In the first four
months of the year the number of detections of irregular border crossings at
EU’s external borders reached nearly 80 700, nearly 30% more than a year ago
and the highest total for the January-April period since 2016, according to
The number of irregular
border crossings into the European Union across the Central Mediterranean in the
first four months of 2023 quadrupled from the same period a year earlier, rising
to the highest level since Frontex began collecting data in 2009, even as entries
on all other major routes declined from a year ago.
Detections reported by
national authorities on the Central Mediterranean route increased to almost 42 200
in January-April 2023. Criminal smuggling groups are increasingly using makeshift
metal boats hastily assembled within hours of departure. Oftentimes fishing
boats tow these metal boats closer to the Italian island of Lampedusa, their
This route accounted
for just over half of irregular crossings into the EU so far this year. The
Central Mediterranean drove all of the 28% rise in total detections so far this
year; the rest of the top seven routes saw declines ranging from 7% to 47%.
Organised crime groups
are taking advantage of political volatility in some departure countries to
increase the number of migrants they smuggle across EU borders.
In response, more than
2 400 standing corps officers and Frontex staff are participating in operations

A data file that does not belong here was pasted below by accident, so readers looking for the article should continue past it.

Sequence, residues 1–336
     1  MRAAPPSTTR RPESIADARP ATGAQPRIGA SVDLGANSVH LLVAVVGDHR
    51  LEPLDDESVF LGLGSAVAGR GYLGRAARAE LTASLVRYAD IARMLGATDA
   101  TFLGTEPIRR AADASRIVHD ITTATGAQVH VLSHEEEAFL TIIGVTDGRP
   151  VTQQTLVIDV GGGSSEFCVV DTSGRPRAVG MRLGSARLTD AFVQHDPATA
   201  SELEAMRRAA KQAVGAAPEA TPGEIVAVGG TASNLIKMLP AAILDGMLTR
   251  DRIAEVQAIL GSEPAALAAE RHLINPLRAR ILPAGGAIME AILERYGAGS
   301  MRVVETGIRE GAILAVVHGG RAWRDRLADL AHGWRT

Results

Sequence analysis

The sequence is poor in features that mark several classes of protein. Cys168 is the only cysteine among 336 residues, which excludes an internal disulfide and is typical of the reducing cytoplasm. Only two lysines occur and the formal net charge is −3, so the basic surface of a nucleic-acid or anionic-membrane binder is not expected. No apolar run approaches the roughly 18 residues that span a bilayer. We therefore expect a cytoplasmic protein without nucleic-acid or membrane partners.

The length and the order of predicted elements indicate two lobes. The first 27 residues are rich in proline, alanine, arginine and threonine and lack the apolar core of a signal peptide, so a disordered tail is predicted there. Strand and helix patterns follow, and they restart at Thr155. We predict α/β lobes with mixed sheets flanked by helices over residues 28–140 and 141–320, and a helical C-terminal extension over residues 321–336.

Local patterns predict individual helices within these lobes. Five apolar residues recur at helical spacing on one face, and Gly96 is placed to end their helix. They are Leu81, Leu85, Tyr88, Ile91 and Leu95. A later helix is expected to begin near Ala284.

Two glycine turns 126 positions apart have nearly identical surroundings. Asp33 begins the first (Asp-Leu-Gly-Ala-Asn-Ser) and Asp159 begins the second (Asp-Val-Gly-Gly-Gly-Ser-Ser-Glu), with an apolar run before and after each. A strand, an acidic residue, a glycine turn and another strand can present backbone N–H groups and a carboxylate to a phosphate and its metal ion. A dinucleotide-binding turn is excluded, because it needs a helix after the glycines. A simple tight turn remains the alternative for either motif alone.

to protect the EU’s external borders, as well as supporting member states and
neighbouring countries facing various challenges at the EU’s external borders.
Although Syrians were
the most frequently detected nationality so far this year, with 17% of the
total on all migratory routes, their numbers have been mostly falling in recent
months in favour of nationals from Sub-Saharan countries. The number of
Ivorians rose eightfold and detentions of citizens of Guinea quintupled. Detections
of Afghan citizens fell by just over half.
period, the Western Balkan route, which passes through countries including
Serbia and Bosnia to the EU member states of Hungary and Croatia, was the
second most active, with over 22 500 detections, down 21% from a year earlier.
Countries in the region have been aligning their
visa policies with the EU and Hungary has reinforced its border control
capacity, contributing to the decline.
Note: The preliminary data
presented in this statement refer to the number of detections of irregular
border-crossing at the external borders of the European Union. The same person
may cross the border several times in different locations at the external